How to Measure Customer Lifetime Value (CLV)

CX Today Team

Increasing customer lifetime value (CLV) highlights helps CX teams to drive better business results

How to Measure Customer Lifetime Value (CLV)

Customer lifetime value (CLV) quantifies the total value a person will generate for an organization throughout their relationship with the brand.

The metric informs revenue forecasts, routing strategies, and overall customer management. For example, high-value customers may receive additional perks to safeguard their business.

Customer Lifetime Value Formula

Here is the CLV formula:

For subscription-based companies, following this equation is straightforward. However, for a fast-moving consumer goods (FMCG) seller, the formula may change as they instead aim to calculate the profits generated per product. As such, much deeper forecasting is likely necessary.

Another consideration in the CLV formula is the impact of outliers. Since the KPI arrives at an average across the customer base, those with the highest or lowest CLV may skew its value considerably.

For this reason, it is essential to analyse specific customer segments and look at CLV trends across different product categories and business units.

How to Calculate Customer Lifetime Value

To calculate customer lifetime value (CLV), organizations can follow these steps:

Step 1. Gather the Relevant Data (Likely from the CRM)

CRM systems make it easier to monitor customer volumes, track new customers, and predict attrition. They can connect with various data sources like e-commerce stores, websites, contact center systems, etc., to extract and aggregate customer data. The CRM will also map customer acquisition and turnover rates in real-time.

Step 2. Determine the Historical Measurement Period to Base Future Forecasts

Customer lifetime value is a forward-looking metric, which means that it estimates the future lifetime value of a customer while the relationship is still ongoing. Some companies use the formula to predict CLV even before acquiring a customer to gauge if the acquisition costs are worth it. The second step is to decide the measurement period for analysis and how frequently to update the data.

Step 3. Implement a Statistical Algorithm for CLV Analysis

While it is possible to calculate a basic CLV manually, automated algorithms provide a simpler option. Companies such as Crealytics, Verfacto, and Kyros offer specialist solutions. However, many CRM providers – including Salesforce – will provide native tools to simplify the process.

Step 4. Segment Customers to Gain Deeper Insights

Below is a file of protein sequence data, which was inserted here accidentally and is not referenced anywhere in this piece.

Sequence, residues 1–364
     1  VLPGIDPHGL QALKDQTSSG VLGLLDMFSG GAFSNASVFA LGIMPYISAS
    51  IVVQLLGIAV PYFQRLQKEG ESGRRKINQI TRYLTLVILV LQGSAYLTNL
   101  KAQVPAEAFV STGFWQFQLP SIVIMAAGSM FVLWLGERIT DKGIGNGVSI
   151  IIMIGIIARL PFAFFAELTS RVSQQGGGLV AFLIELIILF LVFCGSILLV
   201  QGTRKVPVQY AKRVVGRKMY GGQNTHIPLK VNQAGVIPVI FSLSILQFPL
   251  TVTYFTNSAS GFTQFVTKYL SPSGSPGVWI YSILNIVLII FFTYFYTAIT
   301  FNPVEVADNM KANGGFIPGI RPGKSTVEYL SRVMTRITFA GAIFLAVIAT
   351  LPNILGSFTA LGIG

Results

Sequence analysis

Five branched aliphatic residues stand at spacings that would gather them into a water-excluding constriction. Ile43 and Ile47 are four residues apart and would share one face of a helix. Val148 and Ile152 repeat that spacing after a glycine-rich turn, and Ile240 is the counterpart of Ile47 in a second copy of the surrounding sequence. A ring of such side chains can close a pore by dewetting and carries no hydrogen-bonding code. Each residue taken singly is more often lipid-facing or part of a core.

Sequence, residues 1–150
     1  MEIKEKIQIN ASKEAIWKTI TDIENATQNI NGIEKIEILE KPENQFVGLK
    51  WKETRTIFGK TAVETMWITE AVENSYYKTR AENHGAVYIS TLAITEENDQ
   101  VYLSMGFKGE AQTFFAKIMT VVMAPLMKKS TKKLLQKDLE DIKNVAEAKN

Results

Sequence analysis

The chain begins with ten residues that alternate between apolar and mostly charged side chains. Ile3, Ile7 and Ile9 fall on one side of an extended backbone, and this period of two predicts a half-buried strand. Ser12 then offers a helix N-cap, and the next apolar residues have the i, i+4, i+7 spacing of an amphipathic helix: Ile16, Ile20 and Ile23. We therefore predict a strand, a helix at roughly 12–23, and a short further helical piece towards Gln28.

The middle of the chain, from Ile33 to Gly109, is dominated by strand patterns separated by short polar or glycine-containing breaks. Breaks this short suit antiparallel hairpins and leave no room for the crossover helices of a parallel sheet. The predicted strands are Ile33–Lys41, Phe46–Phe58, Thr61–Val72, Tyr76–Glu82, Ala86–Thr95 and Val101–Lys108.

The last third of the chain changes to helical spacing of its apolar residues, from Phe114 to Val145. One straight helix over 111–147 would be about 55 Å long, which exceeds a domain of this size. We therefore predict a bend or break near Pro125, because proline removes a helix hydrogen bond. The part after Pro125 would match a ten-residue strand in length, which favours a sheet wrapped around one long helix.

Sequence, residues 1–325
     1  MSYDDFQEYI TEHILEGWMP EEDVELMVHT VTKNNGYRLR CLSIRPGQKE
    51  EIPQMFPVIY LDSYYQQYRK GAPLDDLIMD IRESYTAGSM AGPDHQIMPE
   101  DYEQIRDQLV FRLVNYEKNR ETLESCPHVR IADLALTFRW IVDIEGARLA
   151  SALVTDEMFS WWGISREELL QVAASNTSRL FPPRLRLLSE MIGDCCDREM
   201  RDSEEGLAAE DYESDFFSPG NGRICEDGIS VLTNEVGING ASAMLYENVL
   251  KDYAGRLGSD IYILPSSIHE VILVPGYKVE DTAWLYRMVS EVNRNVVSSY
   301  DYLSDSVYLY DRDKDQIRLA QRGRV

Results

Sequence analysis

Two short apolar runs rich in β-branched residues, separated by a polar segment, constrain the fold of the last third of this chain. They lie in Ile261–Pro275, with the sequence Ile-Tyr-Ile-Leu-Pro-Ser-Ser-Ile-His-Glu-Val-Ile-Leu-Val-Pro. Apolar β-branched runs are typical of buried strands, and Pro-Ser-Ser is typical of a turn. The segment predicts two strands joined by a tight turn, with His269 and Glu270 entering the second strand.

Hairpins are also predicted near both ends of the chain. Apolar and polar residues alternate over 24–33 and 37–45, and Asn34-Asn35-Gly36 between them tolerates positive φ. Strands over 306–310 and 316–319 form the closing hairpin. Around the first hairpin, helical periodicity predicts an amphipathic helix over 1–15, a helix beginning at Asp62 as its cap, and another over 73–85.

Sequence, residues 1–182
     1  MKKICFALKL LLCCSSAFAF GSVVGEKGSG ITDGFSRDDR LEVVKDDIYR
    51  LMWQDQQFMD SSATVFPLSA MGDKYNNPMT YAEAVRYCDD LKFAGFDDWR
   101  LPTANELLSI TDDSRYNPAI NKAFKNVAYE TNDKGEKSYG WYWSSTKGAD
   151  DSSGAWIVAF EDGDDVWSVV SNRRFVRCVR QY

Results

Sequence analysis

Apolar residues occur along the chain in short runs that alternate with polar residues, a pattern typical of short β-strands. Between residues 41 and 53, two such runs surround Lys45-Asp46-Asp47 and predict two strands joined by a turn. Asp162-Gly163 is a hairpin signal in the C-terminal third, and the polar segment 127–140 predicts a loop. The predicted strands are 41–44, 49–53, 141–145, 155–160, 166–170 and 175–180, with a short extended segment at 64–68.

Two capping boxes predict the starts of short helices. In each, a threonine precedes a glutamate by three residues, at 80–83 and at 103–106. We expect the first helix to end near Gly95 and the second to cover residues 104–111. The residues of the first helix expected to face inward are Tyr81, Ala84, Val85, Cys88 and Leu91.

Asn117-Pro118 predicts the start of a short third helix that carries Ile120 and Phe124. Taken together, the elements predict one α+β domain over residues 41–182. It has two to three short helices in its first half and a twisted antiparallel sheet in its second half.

Customer segmentation unlocks the potential of the CLV metric. It allows companies to investigate different customer groups and demographics to understand profitability. Then, they can target prospects accordingly to gain maximum returns from customer acquisition funds.

Ideally, companies should calculate the CLV individually for each customer segment and maintain dedicated statistical models. Input variables for each segment (retention, discount, growth, net profits, etc.) should inform the analysis.

Step 5. Realign Marketing and Outbound Strategies to Maximize CLV

Finally, as per CLV insights, organizations need to realign their marketing, sales, contact center, and customer experience strategies. For example, if customers converted via a specific channel have a higher lifetime value than average, that channel should perhaps receive more attention and investment. Contact center agents should perhaps also receive training based on these insights so they understand which behaviors drive higher CLV.

Additional Tips and Best Practices

There are several tips and best practices that can aid a CLV calculation; some of these include:

  • Factor in churn rate to calculate how long customers tend to stay with the business. For example, if a company’s annual churn rate is 25%, its average lifetime duration will be approximately (1 ÷ 25) x 100 = 4 years. This information typically enhances CLV calculations.
  • Examining CLV in relation to various customer personas is critical as it helps the company focus on who its ideal customers are. Marketing should then work to attract this “type” of customer.
  • Collaborate with finance departments to ratify the calculation. Ultimately, customer lifetime value (CLV) is as much of a finance metric as it is a CX KPI. Also, buy-in from different stakeholders is essential to unearth the best data and ensure its accuracy.

Throughout calculating customer lifetime value, particular tools and platforms can be of help. For instance, data platforms – such as Optimizely – harness integrations and a segmentation engine to calculate CLV and other metrics.

A homegrown solution using Google’s open-source AI algorithm is also an alternative for businesses with technical know-how.

Benefits of Measuring Customer Lifetime Value

There are several reasons why CLV is a top metric for organizations. First, it indicates whether a business is profitable. Estimating the metric before introducing new products/services or investing in new acquisitions enables companies to gauge their potential profitability.

Also, CLV insights can inform promotion and loyalty programs. If targeted campaigns are based on CLV, they can accrue maximum profitability for the organization.

Finally, if measured in real-time, companies can set up alerts when a particular segment’s lifetime value falls. Systems such as Tableau enable this. Then, organizations can realign investments or focus on course correction.

Discover how to calculate various other CX KPIs by reading our articles:


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